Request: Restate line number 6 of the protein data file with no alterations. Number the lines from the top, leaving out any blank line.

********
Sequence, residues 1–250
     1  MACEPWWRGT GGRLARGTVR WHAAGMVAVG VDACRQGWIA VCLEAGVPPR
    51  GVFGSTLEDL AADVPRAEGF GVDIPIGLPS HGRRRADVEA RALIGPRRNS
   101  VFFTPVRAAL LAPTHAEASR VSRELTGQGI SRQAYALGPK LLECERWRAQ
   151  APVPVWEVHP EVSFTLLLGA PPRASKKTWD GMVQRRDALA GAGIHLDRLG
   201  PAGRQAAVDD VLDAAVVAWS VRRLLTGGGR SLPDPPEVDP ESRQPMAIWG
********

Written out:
   201  PAGRQAAVDD VLDAAVVAWS VRRLLTGGGR SLPDPPEVDP ESRQPMAIWG